• Discusses the European Convention on Human Rights in the context of democratic theories and will appeal to those interested not just in the black letter of the European Convention law but also wider theoretical debates
  • Features a detailed presentation of case law on political and electoral rights that will provide readers with an in-depth understanding of multiple issues relating to the political process as seen through the lens of the European Convention on Human Rights
  • Discusses the potential for more deliberative, participatory and inclusive models of democracy'

Thursday, 12 November 2020

New Book on Positive Duties to Mobilise Criminal Law under the ECHR

Laurens Lavrysen (Ghent University) and Natasa Mavronicola (Birmingham University) have co-edited the new book Coercive Human Rights.Positive Duties to Mobilise the Criminal Law under the ECHR with Hart Publishing. This is the abstract:

'Traditionally, human rights have protected those facing the sharp edge of the criminal justice system. But over time human rights law has become increasingly infused with duties to mobilise criminal law towards protection and redress for violation of rights. These developments give rise to a whole host of questions concerning the precise parameters of coercive human rights, the rationale(s) that underpin them, and their effects and implications for victims, perpetrators, domestic legal systems, and for the theory and practice of human rights and criminal justice. This collection addresses these questions with a focus on the rich jurisprudence of the European Court of Human Rights (ECtHR). 

The collection explores four interlocking themes surrounding the issue of coercive human rights: 

First, the key threads in the doctrine of the ECtHR on duties to mobilise the criminal law as a means of delivering human rights protection.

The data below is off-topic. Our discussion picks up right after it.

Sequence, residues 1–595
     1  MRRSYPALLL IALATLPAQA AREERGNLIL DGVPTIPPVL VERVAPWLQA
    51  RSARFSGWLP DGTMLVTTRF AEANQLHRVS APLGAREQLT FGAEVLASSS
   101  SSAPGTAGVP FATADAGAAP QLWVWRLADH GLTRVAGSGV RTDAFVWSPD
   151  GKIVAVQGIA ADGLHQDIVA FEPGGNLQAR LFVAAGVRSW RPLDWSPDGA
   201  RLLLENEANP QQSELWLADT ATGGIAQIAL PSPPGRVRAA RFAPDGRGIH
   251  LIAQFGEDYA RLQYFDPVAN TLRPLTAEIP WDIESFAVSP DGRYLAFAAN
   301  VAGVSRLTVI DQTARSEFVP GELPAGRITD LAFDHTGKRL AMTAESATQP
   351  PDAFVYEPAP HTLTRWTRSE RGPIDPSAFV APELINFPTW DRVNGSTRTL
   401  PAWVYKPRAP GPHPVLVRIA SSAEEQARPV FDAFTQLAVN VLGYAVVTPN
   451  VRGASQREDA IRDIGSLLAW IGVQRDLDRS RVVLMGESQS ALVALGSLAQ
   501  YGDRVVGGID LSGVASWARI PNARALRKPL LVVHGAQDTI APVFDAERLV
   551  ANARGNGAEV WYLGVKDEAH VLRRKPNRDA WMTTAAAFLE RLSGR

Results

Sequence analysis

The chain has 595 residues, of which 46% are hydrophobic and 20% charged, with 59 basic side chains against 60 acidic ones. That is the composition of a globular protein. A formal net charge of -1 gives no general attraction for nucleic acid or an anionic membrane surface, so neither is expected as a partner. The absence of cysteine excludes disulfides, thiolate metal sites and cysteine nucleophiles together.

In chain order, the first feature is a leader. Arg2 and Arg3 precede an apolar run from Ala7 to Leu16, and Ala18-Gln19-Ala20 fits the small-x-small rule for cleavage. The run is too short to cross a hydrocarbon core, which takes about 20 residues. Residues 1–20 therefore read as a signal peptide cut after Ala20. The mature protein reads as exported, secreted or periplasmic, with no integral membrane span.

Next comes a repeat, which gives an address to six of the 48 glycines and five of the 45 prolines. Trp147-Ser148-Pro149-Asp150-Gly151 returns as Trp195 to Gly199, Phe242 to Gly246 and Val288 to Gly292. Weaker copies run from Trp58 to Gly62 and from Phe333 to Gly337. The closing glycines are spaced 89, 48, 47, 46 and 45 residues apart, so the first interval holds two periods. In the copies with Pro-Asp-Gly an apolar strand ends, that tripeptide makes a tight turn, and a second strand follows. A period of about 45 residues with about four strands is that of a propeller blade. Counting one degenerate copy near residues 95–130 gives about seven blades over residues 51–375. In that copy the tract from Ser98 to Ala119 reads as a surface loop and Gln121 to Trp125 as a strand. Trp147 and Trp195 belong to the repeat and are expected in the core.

Secondly, the factors that contribute to a readiness to demand coercive measures, including discrimination and vulnerability, and other key justificatory reasoning shaping the development of coercive human rights. 

Thirdly, the most pressing challenges for the ECtHR's coercive duties doctrine, including:

- how it relates to theories and rationales of criminalisation and criminal punishment; 
- its implications for the fundamental tenets of human rights law itself;
- its relationship to transitional justice objectives; and 
- how (far) it coheres with the imperative of effective protection for persons in precarious or vulnerable situations.

Fourthly, the (prospective) evolution of the coercive human rights doctrine and its application within national jurisdictions.'

Wednesday, 11 November 2020

EYHR Call for Contributions: Human Rights in Times of a Pandemic

The European Yearbook on Human Rights (EYHR) has issued a call for contributions for 2021 with a special focus on Human Rights in Times of a Pandemic. Below is the call for contributions as presented by the EYHR:


Large parts of 2020 have been marked by an unprecedented global health crisis with economic, social and humanitarian dimensions that resulted in a severe human rights impact. COVID-19 exposed the weaknesses of public health care systems and the access thereto, prevailing structural inequalities and the fragility of the rule of law in times of emergency. Hate speech, fake news, the targeting of vulnerable groups, nationalism and populism spread alongside the virus and pave the way for the adoption of repressive measures for purposes unrelated to the pandemic. Human Rights appeared as afterthoughts rather than as guiding principles in the political strategies responding to the global pandemic.

The 2021 edition is therefore dedicated to the impact the global pandemic had on human rights protection in Europe and related submissions are welcome. In particular, we encourage submissions on responses by the EU, the CoE and the OSCE to the pandemic from a human rights perspective.

Authors will be invited to submit full contributions based on an abstract (max 500 words) that should be send by 11 December 2020. Abstracts should be submitted with a short bio to lisa.heschl@uni-graz.at. The deadline for submitting the manuscript is end of March 2021.

The Yearbook is edited by representatives of the three major Austrian human rights research, training and teaching institutions – the European Training and Research Centre for Human Rights and Democracy of the University of Graz; the Austrian Human Rights Institute of the University of Salzburg and the Ludwig Boltzmann Institute of Human Rights, Vienna – and the Global Campus of Human Rights, Venice. It is published by Intersentia and all contributions are subject to a double-blind review process.